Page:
Recognizing Signs of Body Dysmorphia

Things Worth Celebrating in May
Things Worth Celebrating in May
May 1, 2023
How to Handle Living With Hypochondria
How to Handle Living With Hypochondria
May 5, 2023

Body dysmorphic disorder (BDD) is a common mental health condition that affects many people across the United States. If you struggle with body dysmorphia, you may obsessively focus on perceived flaws in your physical appearance. The flaw you may perceive to exist could involve your weight or some other physical aspect. You may think that it stands in the way of your ability to be happy and enjoy life.

Body dysmorphia can affect anyone regardless of background, gender, or nationality. It most commonly begins in the teen and young adult years but can occur at any point in life. When this issue goes unaddressed, it can really take a toll on your mental health. Some people even turn to substance misuse to cope.

The good news is that it is possible to recover from body dysmorphia and achieve happiness again.

Understanding Body Dysmorphia

If you struggle with body dysmorphia, you likely have a skewed vision of what you actually look like. When you look in the mirror, all you see are your perceived flaws. You don’t see the positive things about yourself. In most cases, the way you view yourself is not the way others view you.

In fact, many people likely don’t even see the flaw that you may feel is overwhelmingly evident. Perhaps you feel consumed with the need to fix or change the things you don’t like about yourself. Some people go to extreme and unhealthy lengths to do this, including turning to excessive plastic surgery. Sometimes this can lead to plastic surgery addiction and other problems.

In many cases, people with BDD who try to change their appearance are never truly satisfied with how they look, regardless of what they do. This can really make life challenging, and some people with body dysmorphia even have thoughts of suicide or harming themselves.

In other cases, people with BDD believe themselves to be overweight when they’re really not. This can morph into an eating disorder in those situations.

Understanding Why Body Dysmorphia Occurs

It’s not always clear why body dysmorphia occurs. It can even be present in someone who most would consider very attractive. No matter how many times they may be validated or are told how attractive they are, they might still struggle to believe it. A person might be able to point toward a specific life event that caused them to develop body dysmorphia, or they may not.

Sometimes, body dysmorphia is caused by bullying or being made to believe that you’re not attractive by another person. This can happen in toxic relationships and can be a tactic that a partner may use to try to manipulate or belittle the other person. It can also be the result of some type of abuse that you experienced, even from a long time ago. Body dysmorphia can also be simply caused by genetics and is something that runs in one’s family.

Recognizing the Signs of Body Dysmorphia

Do you think you may be struggling with body dysmorphia? There are some questions you can ask yourself to try to determine if you are. It’s important to remember that everyone’s experience with body dysmorphia is unique. Try to answer the following questions as honestly as possible:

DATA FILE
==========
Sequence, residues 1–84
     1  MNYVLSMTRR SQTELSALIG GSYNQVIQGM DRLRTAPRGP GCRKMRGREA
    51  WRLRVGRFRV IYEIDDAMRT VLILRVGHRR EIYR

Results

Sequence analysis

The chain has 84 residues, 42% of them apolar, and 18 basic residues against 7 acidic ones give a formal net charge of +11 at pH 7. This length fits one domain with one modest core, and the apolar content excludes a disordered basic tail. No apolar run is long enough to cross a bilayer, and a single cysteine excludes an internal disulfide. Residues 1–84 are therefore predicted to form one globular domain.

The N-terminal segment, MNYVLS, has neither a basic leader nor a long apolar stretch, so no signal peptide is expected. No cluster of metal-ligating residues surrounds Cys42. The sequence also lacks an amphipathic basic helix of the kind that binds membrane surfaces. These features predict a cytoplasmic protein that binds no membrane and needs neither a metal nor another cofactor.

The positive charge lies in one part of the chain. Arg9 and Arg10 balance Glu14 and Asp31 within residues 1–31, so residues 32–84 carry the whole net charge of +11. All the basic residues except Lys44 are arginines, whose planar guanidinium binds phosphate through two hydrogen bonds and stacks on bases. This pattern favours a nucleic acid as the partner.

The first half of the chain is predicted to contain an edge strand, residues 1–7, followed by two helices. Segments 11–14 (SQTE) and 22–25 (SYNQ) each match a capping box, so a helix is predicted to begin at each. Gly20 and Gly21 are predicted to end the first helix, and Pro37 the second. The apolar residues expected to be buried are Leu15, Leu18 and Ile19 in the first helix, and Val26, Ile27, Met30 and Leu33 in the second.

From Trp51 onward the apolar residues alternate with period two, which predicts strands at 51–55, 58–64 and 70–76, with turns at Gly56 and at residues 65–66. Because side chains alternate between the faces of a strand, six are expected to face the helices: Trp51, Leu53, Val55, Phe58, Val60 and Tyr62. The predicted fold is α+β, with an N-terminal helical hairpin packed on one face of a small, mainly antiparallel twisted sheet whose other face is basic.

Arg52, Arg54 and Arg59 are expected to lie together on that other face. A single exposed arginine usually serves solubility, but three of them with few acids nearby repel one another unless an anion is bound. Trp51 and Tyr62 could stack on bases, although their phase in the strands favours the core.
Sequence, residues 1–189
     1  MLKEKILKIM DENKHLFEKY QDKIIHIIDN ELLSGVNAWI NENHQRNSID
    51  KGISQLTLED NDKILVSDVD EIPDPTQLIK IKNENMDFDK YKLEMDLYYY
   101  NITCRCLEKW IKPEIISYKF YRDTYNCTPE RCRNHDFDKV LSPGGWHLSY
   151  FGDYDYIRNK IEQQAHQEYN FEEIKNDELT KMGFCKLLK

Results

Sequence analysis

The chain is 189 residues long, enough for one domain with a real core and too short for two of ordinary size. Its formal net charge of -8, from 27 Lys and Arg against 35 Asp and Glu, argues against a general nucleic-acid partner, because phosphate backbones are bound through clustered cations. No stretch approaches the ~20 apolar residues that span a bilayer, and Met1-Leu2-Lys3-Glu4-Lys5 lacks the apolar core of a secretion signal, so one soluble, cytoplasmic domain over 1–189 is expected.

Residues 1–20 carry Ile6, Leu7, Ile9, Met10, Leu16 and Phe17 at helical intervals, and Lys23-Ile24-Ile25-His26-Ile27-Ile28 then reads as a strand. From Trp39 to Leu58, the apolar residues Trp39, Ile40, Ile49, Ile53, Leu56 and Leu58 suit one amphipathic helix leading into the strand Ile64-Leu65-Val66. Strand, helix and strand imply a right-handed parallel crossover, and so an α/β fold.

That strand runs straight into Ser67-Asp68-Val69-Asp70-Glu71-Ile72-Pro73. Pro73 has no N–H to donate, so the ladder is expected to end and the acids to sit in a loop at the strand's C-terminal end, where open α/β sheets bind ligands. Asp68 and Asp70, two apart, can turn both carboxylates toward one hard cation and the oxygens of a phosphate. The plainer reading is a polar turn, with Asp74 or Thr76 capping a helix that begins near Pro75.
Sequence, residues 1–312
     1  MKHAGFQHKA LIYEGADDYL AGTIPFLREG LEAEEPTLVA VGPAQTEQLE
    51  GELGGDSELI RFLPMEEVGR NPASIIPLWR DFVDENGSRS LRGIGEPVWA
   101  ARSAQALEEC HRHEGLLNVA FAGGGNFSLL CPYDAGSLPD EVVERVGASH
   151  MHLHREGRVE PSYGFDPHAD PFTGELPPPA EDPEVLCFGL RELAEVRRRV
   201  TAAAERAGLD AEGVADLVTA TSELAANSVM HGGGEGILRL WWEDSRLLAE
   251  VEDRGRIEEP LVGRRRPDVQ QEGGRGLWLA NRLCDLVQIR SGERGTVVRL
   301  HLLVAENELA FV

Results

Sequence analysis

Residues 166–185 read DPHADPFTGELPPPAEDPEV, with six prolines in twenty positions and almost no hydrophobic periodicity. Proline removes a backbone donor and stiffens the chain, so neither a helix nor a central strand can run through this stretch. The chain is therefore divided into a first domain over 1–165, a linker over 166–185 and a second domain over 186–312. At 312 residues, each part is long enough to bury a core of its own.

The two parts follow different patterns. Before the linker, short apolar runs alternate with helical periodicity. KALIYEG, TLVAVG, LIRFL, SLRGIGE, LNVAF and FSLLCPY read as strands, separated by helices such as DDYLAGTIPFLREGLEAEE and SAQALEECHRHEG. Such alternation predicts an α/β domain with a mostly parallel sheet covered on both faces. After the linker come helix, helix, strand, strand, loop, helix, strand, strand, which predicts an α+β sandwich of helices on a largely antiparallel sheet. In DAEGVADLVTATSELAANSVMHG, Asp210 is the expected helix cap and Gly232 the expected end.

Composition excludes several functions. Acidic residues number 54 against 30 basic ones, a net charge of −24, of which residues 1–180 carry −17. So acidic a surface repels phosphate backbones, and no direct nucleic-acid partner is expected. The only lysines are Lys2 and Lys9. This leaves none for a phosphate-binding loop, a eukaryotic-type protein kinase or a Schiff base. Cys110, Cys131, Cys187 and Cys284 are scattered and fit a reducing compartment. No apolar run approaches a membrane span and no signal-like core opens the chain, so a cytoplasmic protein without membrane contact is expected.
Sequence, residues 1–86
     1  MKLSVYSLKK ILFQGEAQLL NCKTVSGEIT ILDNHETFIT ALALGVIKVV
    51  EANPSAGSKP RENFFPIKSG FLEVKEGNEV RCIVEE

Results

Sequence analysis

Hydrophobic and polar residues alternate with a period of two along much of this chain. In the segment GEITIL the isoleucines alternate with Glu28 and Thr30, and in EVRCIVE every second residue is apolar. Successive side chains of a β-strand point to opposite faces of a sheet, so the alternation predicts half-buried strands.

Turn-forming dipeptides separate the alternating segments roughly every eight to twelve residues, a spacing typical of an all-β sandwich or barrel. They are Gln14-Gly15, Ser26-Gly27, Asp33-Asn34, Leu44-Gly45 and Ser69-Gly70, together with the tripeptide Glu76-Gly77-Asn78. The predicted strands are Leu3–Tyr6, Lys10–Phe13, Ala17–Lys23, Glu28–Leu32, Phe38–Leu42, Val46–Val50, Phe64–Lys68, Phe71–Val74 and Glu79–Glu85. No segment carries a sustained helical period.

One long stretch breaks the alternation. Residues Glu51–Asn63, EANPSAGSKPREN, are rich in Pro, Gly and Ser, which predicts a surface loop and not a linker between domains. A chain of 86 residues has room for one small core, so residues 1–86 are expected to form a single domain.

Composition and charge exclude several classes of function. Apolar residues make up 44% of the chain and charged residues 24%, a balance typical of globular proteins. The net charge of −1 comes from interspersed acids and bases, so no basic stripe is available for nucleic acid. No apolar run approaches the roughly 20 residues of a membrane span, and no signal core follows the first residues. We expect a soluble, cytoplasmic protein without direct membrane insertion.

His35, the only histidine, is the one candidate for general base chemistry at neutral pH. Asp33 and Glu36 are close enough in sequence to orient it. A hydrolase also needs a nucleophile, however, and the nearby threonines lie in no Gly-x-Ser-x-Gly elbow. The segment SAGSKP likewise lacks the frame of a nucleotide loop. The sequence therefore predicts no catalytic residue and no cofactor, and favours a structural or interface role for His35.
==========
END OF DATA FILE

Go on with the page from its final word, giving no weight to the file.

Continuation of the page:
• Do you often find yourself checking out your appearance in the mirror?
  • Are there days when you avoid looking in the mirror altogether because you don’t want to see what you look like?
  • Do you avoid social activities when your confidence is low?
  • How much time do you spend in the bathroom grooming or trying to change how you look? Is it an excessive amount?
  • Do you often find yourself asking others how you look or seeking validation from them?
  • When people tell you that you look good, do you struggle to believe them?
  • Do you often find yourself picking at your skin or unable to leave blemishes alone so they can heal?
  • How much money do you spend trying to change your appearance? Would you consider it excessive?
  • Do you find yourself constantly comparing yourself to others in terms of physical appearance?
  • Are there times when you exercise excessively or limit your food intake in order to try to lose weight?

If you answered yes to any of these questions, you may be struggling with body dysmorphia. But don’t worry; there is help available and recovery is possible for you.

Recovery From Body Dysmorphia

If you’re struggling with body dysmorphia, the best thing that you can do is to reach out to your primary care provider. They can help provide you with a diagnosis and help you get started with treatment. In many cases, therapy is recommended to help you get past your skewed vision of yourself. Medication prescribed by a doctor can also help in finding lasting relief.

If you’re struggling with body dysmorphia, you may feel as if there is no way out. You might feel as if you’ve tried everything possible to come to terms with who you are and like yourself, but nothing is working. No matter how long this has gone on, there is hope, and you can recover. Don’t wait; reach out for help today. Sometimes body dysmorphia can lead to substance misuse. If this is your situation, be sure to reach out to our team at The Kimberly Center at (855) 452-3683. We can help you take your life back from addiction. Call us today, and we will be happy to answer any questions you have. 

Leave a Reply

Your email address will not be published. Required fields are marked *